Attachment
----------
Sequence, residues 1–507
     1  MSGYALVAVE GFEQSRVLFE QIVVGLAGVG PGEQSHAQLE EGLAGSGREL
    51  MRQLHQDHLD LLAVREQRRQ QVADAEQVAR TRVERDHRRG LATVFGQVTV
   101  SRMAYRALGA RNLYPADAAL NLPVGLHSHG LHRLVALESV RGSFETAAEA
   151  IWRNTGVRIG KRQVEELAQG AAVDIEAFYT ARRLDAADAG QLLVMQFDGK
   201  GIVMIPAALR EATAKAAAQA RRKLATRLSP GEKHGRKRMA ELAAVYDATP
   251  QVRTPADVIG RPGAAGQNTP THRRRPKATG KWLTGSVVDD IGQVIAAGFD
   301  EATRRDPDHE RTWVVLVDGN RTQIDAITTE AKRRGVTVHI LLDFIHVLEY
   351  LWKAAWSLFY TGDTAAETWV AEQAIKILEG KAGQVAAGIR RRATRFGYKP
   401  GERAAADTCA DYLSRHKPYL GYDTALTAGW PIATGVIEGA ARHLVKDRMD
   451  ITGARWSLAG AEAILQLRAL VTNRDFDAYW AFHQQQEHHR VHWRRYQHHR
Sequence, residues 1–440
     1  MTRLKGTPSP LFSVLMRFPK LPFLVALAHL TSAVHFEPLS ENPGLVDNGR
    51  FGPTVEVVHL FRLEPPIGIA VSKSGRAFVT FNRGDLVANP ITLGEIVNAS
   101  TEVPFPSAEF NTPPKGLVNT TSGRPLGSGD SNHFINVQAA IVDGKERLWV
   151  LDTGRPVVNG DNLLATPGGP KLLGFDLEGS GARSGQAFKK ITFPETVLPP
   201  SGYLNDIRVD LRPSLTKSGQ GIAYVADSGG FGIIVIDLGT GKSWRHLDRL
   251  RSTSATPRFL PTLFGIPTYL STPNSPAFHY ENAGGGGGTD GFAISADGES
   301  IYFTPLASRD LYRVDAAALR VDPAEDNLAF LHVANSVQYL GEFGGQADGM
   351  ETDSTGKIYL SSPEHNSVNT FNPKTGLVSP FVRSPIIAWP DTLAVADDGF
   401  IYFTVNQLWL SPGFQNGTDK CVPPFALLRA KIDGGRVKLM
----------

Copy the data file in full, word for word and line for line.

Sequence, residues 1–507
     1  MSGYALVAVE GFEQSRVLFE QIVVGLAGVG PGEQSHAQLE EGLAGSGREL
    51  MRQLHQDHLD LLAVREQRRQ QVADAEQVAR TRVERDHRRG LATVFGQVTV
   101  SRMAYRALGA RNLYPADAAL NLPVGLHSHG LHRLVALESV RGSFETAAEA
   151  IWRNTGVRIG KRQVEELAQG AAVDIEAFYT ARRLDAADAG QLLVMQFDGK
   201  GIVMIPAALR EATAKAAAQA RRKLATRLSP GEKHGRKRMA ELAAVYDATP
   251  QVRTPADVIG RPGAAGQNTP THRRRPKATG KWLTGSVVDD IGQVIAAGFD
   301  EATRRDPDHE RTWVVLVDGN RTQIDAITTE AKRRGVTVHI LLDFIHVLEY
   351  LWKAAWSLFY TGDTAAETWV AEQAIKILEG KAGQVAAGIR RRATRFGYKP
   401  GERAAADTCA DYLSRHKPYL GYDTALTAGW PIATGVIEGA ARHLVKDRMD
   451  ITGARWSLAG AEAILQLRAL VTNRDFDAYW AFHQQQEHHR VHWRRYQHHR
Sequence, residues 1–440
     1  MTRLKGTPSP LFSVLMRFPK LPFLVALAHL TSAVHFEPLS ENPGLVDNGR
    51  FGPTVEVVHL FRLEPPIGIA VSKSGRAFVT FNRGDLVANP ITLGEIVNAS
   101  TEVPFPSAEF NTPPKGLVNT TSGRPLGSGD SNHFINVQAA IVDGKERLWV
   151  LDTGRPVVNG DNLLATPGGP KLLGFDLEGS GARSGQAFKK ITFPETVLPP
   201  SGYLNDIRVD LRPSLTKSGQ GIAYVADSGG FGIIVIDLGT GKSWRHLDRL
   251  RSTSATPRFL PTLFGIPTYL STPNSPAFHY ENAGGGGGTD GFAISADGES
   301  IYFTPLASRD LYRVDAAALR VDPAEDNLAF LHVANSVQYL GEFGGQADGM
   351  ETDSTGKIYL SSPEHNSVNT FNPKTGLVSP FVRSPIIAWP DTLAVADDGF
   401  IYFTVNQLWL SPGFQNGTDK CVPPFALLRA KIDGGRVKLM